For anyone who might’ve forgotten, the siege of Vicksburg was grinding along 155 years ago today.
We spent a little time in mid-May commemorating the campaign for Vicksburg and the initial attacks on the city. And all good Civil War buffs know that the city surrendered on July 4, 1863.
In between, Federals besieged the city. And a lot of folks tends to just lump that together as a single, monolithic event—“the siege of Vicksburg”—without considering what that actually entailed, particularly on a day-to-day level.
For Federals and Confederates alike, that often entailed boredom.
Consider today’s diary entry by Lt. William Drennan, a Confederate ordinance officer in Featherston’s Brigade:
Another day as like the past twenty one as one day could be like another.
Monotony does not convey all that the sameness of these days imposes on one. There is a tension of the nerves—an extreme anxiety like you many have experienced for a few moments—and that you have felt that you had to endure it long that it would craze you. I fear a spell of some nervous fever as soon as the excitement is over—and it certainly will be over soon.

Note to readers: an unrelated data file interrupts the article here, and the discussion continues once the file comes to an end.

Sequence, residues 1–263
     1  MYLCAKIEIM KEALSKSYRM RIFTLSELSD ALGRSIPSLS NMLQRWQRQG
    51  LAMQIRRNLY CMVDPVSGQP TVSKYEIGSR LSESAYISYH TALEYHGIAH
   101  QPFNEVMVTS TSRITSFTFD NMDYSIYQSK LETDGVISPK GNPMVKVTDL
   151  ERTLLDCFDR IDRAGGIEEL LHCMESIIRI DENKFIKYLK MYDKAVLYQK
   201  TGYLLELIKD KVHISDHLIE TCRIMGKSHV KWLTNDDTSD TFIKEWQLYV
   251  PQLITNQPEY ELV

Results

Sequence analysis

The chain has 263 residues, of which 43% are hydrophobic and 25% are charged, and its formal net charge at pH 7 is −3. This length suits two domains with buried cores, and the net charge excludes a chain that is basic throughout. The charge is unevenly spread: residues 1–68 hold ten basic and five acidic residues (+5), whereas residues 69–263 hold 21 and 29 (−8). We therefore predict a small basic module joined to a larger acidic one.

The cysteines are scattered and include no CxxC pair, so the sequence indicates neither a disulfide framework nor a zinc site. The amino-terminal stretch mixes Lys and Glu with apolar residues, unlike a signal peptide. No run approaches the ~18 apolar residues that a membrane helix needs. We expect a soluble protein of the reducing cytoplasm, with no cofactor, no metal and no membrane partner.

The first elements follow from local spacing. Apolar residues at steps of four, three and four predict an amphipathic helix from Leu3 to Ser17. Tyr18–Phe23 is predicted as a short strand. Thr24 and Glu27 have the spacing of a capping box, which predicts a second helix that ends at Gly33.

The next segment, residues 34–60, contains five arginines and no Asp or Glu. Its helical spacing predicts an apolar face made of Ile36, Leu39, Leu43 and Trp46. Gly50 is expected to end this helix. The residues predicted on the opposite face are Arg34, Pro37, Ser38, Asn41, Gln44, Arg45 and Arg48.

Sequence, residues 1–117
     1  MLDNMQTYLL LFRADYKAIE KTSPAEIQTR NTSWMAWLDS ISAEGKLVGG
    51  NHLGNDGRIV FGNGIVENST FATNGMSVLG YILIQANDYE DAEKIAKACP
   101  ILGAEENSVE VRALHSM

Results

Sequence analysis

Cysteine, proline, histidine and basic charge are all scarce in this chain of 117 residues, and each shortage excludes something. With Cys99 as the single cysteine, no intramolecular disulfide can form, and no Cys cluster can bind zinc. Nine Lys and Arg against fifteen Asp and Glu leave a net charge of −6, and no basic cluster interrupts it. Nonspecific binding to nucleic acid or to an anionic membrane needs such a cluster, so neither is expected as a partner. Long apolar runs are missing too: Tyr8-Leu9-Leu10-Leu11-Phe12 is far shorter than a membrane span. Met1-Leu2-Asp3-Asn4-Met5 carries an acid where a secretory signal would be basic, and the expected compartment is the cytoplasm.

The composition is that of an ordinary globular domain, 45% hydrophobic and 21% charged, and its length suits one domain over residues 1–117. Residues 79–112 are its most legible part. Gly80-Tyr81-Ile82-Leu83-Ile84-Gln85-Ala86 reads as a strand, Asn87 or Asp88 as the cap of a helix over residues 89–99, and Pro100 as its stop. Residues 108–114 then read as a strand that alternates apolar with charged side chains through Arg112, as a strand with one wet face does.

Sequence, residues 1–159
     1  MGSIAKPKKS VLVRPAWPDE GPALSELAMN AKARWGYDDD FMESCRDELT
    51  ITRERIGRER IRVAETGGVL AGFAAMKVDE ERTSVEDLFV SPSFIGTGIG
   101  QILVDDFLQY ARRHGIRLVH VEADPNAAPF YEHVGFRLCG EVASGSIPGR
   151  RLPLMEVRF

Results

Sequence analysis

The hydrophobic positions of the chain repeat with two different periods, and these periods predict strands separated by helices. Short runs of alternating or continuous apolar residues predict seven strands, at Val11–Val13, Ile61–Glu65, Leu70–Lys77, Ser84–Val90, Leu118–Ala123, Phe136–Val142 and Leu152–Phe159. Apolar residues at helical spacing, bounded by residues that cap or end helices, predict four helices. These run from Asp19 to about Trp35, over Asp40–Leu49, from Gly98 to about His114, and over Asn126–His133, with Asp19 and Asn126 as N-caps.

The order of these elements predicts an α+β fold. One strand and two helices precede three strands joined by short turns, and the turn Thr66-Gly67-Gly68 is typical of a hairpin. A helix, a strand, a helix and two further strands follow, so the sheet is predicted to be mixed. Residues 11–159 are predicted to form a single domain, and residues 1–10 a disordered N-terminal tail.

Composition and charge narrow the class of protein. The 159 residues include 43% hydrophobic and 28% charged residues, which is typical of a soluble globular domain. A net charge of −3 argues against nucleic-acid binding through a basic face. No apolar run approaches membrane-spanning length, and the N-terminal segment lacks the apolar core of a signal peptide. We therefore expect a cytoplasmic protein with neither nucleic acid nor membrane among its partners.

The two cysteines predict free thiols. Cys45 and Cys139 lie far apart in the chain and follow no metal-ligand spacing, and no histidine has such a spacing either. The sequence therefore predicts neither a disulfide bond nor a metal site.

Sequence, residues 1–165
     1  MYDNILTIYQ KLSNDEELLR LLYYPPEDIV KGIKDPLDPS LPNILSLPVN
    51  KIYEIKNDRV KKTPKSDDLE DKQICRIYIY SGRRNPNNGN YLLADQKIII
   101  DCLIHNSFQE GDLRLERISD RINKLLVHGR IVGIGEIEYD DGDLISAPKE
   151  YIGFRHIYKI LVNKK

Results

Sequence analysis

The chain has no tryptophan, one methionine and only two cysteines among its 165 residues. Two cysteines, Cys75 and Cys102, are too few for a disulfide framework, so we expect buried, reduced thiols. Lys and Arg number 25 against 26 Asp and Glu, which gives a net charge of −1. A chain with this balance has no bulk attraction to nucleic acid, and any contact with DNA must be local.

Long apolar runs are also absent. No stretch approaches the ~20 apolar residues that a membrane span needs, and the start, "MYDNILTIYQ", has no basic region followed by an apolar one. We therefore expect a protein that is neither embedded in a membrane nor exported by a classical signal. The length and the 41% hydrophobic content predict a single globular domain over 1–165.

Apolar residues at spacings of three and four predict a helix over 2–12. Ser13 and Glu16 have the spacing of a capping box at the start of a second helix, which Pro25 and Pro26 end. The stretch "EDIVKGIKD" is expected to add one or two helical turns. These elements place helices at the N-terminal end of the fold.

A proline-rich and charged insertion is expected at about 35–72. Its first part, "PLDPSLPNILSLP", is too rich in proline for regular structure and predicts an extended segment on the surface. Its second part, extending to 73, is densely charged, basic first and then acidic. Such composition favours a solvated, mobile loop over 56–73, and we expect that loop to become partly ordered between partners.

Drennan’s is actually one of the best accounts of the Vicksburg campaign and siege. It started out as a letter to his wife, but he was unable to get it in the mail before the siege lines cut the city off, and so it became a running chronicle of his time in Vicksburg.
My friend, Matt Atkinson, transcribed, edited, and annotated Drennan’s letter and published it in 2009 as Lieutenant Drennan’s Letter: A Confederate Officer’s Account of the Battle of Champion Hill and the Siege of Vicksburg. You can now find Drennan’s full letter online here, although I recommend Matt’s hard-to-find hard copy if you can find it because his annotations are excellent.
As the siege continues to unfold, you can follow along with Drennan day by day.